Women's Stories of Abuse

My name is Lilly, and I am an invisibly disabled woman who survived domestic abuse.

I have a condition that causes a lot of pain, and my boyfriend knew that before we started our romantic relationship. It is incurable, and he knew that too, but once we were together, he began to beat me if I showed pain, or if I talked about my condition at all. He would blame me for failing to heal –  for not talking to the doctors properly or taking the right pills – because he felt that if I had done the right things, I would have been cured. The more I was in pain, the more he hurt me. The more he hurt me, the worse the condition got.

There was no one to help me, because even the friends who knew what he was doing simply looked the other way, or worse, blamed me. An old girlfriend of his, who had become a close confidant of mine, would see the bruises, and see the fear in my eyes, listen to my anger, and then go and flirt with him and be very friendly. She didn’t want to seem like she was “taking sides”. My boyfriend’s best guy friend decided that I must have asked for it somehow, because my boyfriend would only, in his opinion, have done something “like that” if I had really made him mad. (Yes, he felt that anger was a good enough reason to beat a woman, no, this man was not a wife-beater nightmare type. He was a well-educated, wealthy and “nice” man who simply felt his best friend must have a really good reason for beating his disabled girlfriend.) My boyfriend’s family knew, but for some reason went blind. It meant nothing to them that he was beating me, threatening me, and making me live in fear. They seemed to feel that I didn’t matter – like a disabled woman wasn’t a real person at all. Their lack of response sent a clear message to him that what he was doing wasn’t wrong – because not one person stood up for me. Not one person seemed to care. Not even enough to say “stop hurting her”. Not one.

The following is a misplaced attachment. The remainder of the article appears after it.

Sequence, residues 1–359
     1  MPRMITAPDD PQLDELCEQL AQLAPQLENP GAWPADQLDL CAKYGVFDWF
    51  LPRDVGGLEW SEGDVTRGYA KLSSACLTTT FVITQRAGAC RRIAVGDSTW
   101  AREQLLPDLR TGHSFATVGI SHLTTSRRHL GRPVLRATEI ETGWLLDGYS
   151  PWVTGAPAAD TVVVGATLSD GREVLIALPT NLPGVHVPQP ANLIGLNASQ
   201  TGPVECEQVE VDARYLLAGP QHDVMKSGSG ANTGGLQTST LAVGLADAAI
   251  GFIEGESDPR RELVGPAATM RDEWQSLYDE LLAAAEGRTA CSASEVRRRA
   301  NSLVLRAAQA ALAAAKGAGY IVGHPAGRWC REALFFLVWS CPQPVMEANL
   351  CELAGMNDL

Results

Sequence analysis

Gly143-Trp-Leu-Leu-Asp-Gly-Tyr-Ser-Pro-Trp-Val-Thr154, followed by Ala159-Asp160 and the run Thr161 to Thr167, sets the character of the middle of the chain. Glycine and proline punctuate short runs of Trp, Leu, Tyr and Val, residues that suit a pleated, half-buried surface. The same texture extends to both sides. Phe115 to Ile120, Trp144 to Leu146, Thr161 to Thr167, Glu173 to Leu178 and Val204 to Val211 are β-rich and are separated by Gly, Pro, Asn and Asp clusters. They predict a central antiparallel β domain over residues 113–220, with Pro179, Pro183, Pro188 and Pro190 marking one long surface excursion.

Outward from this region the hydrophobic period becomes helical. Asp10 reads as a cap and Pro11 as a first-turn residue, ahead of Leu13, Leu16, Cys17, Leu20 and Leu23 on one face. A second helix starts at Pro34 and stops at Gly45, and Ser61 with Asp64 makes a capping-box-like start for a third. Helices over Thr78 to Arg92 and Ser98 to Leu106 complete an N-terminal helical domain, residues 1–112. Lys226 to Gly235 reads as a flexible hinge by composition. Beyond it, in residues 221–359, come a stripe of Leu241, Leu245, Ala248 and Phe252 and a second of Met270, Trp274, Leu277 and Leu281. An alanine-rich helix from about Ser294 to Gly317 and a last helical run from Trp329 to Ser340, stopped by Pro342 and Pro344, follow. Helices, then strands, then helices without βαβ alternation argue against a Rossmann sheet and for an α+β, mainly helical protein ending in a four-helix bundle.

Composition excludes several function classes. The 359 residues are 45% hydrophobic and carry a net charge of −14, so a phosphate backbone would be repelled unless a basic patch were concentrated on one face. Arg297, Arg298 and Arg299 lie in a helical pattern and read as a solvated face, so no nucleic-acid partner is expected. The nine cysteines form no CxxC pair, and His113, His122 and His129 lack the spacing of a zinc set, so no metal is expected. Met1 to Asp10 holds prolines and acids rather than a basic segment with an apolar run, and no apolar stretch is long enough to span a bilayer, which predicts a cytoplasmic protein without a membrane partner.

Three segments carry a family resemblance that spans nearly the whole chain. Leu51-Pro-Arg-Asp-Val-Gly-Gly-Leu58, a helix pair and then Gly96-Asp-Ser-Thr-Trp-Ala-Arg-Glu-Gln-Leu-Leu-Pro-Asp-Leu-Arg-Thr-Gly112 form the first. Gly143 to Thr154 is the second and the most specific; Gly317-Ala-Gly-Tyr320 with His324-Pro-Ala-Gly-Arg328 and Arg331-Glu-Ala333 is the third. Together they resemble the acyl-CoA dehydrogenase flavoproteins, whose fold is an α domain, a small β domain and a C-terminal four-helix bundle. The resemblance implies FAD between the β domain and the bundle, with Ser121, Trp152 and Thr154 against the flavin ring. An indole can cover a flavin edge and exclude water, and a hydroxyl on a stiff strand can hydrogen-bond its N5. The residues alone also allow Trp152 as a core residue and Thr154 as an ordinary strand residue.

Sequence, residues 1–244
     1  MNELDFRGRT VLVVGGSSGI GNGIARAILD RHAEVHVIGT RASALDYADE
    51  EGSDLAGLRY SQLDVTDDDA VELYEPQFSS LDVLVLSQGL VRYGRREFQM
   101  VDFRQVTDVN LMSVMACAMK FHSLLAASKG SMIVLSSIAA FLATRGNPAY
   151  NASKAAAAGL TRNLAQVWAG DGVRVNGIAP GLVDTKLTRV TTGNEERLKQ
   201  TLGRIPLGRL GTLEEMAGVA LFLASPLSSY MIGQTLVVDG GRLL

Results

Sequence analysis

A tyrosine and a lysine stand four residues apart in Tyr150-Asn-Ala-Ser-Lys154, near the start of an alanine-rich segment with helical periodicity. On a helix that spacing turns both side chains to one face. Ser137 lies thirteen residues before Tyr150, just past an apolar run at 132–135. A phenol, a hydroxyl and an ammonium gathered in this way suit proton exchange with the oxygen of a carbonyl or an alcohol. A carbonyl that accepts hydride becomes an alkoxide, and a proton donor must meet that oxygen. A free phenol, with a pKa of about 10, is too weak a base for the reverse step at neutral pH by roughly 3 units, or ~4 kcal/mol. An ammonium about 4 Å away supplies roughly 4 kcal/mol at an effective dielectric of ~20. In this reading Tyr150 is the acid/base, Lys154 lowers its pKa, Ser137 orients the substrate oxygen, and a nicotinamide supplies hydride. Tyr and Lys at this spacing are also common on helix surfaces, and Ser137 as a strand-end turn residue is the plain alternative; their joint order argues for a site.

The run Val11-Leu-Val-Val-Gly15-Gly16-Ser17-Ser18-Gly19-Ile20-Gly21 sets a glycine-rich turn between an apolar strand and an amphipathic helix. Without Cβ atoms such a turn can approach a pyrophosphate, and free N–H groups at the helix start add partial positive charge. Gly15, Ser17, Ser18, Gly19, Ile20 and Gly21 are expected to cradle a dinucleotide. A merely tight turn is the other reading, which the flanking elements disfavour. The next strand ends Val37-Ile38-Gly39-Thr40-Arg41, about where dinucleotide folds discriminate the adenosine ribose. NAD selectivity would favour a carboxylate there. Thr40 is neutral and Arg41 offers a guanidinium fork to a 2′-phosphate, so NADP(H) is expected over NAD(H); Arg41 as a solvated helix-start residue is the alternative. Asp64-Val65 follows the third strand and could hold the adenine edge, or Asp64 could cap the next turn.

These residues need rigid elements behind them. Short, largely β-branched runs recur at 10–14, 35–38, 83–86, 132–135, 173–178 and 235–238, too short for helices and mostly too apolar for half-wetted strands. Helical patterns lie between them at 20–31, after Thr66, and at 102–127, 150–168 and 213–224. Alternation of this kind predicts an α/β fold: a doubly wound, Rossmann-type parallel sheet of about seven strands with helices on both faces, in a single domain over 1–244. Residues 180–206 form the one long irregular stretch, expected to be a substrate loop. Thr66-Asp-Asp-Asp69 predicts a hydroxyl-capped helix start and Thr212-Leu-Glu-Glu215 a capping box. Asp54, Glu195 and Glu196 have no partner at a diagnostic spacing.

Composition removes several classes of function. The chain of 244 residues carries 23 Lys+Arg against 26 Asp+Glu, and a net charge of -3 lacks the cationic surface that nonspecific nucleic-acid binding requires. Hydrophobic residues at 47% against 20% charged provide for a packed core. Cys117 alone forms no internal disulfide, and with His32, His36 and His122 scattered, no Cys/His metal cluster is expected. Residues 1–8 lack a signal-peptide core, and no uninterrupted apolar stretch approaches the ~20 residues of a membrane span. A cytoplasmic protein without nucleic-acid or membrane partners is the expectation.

We once went to couple’s therapy. The Councillor was a man. After six sessions in which I was totally ignored and only my boyfriend got to talk, I asked for permission to speak. When both the men agreed that I could, I spoke of the outrage of having been beaten, and of how angry it made me feel (I felt safe enough there to let my true feelings show.) My boyfriend hung his head and looked really sad as I spoke, and the male Therapist took one look at him, turned to me and said angrily “So? I bet you’re hard to live with! You’re disabled!”  I stared at him with an open mouth. I couldn’t believe that he had made living with a person who had a disability sound like it was the same as living with a person who threatened, screamed at, kicked and punched their partner. Without even looking at my boyfriend he then said “Besides, I’m sure he’s sorry.” Satisfied with my silence, he then he went back to talking only to my boyfriend. My boyfriend liked that Therapist; he felt supported, and kept hurting me.